Does it mean a publication deal?
One with an advance?
Earning enough to survive on my own?
Earning as much as I did in teaching?
Becoming the next Matthew Reilly?
If it's the last one, or indeed any of the last three, my odds of doing this full time are pretty terrible. A study conducted by Macquarie University in Sydney showed that the average income of an Australian author from writing is AU$12 900 per year. To put this in perspective, I would have to work just one day per week as a casual relief teacher to equal that. Just 5% of the writers in the study were able to earn above the national average from their creative practice alone. Most supplement their income with additional work, both related to their writing (such as school visits) and unrelated. Nearly 45% said they relied on a partner's income or loans from a friend or family member to make ends meet. And these findings include scholarly or education writers, who earn more, on average, than fiction writers.
For shorter work, the website Duotrope tracks thousands of publishers (literary journals, websites, contests, newspapers, magazines etc) around the world for response times, pay rates and acceptance/rejection/withdrawals. Markets are listed as paying professional rates (5c/word or more), semi-professional rates (1c/word to 5c/word), token rates (less than 1c/word) or as no monetary payment. There are more token paying journals than semi-pro, more semi-pro than pro etc, because these endeavours are expensive and time consuming for the publishers and rarely bring in much money themselves. Most are funded by grants or patreon-type arrangements. About 25% charge fees to submit. And then there's the likelihood of selling your work to them at all. Overall, from over 86 000 reports for all fiction markets (including non-paying), only 4.8% of responses are acceptances. The pro-paying markets accept less than 1% of submissions. So to eke out a living as a writer of short fiction, rather than novels, certainly takes just as much work.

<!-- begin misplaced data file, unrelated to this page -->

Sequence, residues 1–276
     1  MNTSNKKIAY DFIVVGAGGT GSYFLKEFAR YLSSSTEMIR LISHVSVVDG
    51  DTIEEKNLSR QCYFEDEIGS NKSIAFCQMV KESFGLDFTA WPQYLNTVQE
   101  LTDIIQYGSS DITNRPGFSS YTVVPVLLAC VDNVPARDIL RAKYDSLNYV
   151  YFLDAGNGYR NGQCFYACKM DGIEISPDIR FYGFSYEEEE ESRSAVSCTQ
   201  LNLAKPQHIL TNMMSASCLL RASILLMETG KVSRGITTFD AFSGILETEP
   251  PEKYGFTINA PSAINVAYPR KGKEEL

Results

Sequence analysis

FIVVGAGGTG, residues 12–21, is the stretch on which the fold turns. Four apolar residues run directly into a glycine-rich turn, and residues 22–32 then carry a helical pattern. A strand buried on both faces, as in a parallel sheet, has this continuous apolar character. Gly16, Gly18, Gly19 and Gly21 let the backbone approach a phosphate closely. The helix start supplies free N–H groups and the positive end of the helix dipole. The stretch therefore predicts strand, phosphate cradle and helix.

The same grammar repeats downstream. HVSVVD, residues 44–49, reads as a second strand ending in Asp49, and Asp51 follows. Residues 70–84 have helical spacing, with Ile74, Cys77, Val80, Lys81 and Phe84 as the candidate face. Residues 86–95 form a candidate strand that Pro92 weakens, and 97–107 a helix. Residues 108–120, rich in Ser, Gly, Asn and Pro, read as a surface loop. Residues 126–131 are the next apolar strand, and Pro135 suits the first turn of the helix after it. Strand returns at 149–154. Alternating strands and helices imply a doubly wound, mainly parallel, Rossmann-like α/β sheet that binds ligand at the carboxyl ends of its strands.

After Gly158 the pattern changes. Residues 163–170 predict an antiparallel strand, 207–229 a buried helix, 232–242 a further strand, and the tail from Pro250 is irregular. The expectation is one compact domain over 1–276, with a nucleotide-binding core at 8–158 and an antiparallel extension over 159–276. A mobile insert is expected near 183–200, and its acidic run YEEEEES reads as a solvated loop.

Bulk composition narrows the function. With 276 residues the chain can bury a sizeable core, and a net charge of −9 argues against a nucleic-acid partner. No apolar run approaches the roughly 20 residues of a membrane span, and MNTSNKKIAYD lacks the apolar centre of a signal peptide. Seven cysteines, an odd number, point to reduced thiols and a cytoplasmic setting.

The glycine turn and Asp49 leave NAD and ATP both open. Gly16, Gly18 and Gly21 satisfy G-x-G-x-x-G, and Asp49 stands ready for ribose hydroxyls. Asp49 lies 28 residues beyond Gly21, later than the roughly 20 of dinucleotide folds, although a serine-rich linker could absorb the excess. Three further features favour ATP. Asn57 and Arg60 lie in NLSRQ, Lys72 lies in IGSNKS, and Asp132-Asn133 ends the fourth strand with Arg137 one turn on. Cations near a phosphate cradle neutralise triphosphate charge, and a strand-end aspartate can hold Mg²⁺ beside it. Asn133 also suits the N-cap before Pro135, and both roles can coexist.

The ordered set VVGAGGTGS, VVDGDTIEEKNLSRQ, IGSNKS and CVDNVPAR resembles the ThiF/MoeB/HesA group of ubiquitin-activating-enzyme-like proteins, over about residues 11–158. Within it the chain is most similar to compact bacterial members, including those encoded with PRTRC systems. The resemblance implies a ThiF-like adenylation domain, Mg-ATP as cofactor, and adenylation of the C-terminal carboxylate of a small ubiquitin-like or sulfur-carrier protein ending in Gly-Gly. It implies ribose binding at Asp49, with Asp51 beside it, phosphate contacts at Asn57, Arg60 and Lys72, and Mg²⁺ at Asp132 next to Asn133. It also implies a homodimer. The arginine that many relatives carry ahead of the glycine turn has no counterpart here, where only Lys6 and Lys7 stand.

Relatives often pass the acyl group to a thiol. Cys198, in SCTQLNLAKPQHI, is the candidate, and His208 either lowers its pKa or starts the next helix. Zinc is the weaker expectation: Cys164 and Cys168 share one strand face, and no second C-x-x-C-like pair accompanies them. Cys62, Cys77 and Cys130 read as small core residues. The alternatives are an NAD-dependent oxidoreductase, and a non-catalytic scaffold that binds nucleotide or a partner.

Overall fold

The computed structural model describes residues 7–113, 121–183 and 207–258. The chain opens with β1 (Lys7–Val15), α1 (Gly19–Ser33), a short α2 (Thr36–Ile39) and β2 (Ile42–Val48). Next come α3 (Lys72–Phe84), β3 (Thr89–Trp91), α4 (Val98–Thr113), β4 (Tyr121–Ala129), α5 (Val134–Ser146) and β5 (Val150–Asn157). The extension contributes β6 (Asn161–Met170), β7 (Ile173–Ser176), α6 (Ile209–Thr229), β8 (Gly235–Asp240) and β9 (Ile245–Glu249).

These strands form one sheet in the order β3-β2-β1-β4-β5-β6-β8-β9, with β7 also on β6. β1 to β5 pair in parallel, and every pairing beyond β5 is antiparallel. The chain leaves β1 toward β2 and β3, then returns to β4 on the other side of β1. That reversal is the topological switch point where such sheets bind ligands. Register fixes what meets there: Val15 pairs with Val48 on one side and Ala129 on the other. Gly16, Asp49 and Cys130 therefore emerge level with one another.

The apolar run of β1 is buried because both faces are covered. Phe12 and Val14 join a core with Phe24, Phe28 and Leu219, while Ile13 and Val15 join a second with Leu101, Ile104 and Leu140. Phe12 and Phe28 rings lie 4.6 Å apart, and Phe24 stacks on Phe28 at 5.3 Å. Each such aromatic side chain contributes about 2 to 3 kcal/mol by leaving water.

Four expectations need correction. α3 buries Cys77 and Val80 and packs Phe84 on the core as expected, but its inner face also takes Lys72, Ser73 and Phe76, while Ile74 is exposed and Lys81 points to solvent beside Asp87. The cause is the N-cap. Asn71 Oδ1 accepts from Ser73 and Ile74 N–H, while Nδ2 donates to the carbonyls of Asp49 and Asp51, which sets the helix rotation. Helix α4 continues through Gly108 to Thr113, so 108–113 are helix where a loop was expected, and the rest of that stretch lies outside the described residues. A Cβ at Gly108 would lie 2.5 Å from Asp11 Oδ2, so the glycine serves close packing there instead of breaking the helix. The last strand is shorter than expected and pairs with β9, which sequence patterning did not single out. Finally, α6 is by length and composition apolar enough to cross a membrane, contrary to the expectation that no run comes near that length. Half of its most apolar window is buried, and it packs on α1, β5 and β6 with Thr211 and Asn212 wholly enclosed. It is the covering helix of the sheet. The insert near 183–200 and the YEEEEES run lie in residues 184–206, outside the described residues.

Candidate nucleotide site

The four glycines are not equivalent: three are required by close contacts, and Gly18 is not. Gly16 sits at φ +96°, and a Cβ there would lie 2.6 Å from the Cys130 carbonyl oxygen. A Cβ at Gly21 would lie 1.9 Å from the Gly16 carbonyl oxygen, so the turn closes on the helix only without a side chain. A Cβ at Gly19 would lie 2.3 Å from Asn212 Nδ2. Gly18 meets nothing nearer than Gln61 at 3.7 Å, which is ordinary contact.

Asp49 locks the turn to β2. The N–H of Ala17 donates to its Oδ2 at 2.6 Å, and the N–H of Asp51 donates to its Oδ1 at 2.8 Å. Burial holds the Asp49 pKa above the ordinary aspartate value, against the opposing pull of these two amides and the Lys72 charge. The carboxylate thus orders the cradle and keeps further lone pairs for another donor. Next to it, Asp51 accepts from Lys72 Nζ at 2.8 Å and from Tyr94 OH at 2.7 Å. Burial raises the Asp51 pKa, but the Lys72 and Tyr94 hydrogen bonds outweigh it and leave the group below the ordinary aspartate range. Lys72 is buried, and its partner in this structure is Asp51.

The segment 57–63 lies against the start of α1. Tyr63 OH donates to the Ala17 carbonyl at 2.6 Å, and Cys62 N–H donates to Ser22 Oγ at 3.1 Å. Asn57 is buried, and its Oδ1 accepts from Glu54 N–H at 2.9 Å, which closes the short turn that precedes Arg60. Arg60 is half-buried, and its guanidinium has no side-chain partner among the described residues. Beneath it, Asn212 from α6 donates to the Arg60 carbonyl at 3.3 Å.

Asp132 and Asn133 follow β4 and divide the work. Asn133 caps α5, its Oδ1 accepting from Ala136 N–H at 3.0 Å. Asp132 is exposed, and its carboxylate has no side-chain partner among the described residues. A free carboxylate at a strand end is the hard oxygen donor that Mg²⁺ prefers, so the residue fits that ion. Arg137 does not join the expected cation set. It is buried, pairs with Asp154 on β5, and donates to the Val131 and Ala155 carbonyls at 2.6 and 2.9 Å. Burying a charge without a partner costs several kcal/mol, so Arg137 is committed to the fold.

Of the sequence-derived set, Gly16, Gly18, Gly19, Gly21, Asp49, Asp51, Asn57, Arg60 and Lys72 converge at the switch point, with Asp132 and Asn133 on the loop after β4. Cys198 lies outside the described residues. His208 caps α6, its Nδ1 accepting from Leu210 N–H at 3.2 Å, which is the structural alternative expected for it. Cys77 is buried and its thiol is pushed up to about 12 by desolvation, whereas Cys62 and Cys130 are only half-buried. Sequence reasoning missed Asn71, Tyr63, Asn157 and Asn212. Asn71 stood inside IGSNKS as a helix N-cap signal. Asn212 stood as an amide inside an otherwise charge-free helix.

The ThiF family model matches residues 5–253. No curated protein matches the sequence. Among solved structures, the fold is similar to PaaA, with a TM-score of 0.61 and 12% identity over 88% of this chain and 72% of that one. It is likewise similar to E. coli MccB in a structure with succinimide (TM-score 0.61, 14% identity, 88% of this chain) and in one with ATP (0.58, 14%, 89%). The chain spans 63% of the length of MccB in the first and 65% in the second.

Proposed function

Suffice it to say, if you're thinking of becoming a writer, don't expect to be raking in millions.
Evidently, my husband's idea of success was about income. This of course led to a new discussion about our expectations and budgets, but it didn't change my dream, or the effort I'm putting in to achieve it. For me, "making it" has never been about earnings. I'm a realist. I know that this is an incredibly difficult industry to break in to, and I know it's by no means a lucrative one. Making it as a writer is about becoming like the people I admire most.
When I read a good book, I feel something. I think differently. I walk around in a "book-drunk" haze for a little while afterwards. I want to talk to someone about the story and the characters. I want to go back and rest in the fictional world somehow, see things through the character's eyes again. I empathise more readily with others and I think harder about things I might not have cared to question before.
I want to make someone feel that. For me, the day I will call myself successful is the day I get to sit in a bookshop and sign one of my own books for someone who calls themselves a fan.
So, I'll keep writing and I hope you keep reading ;)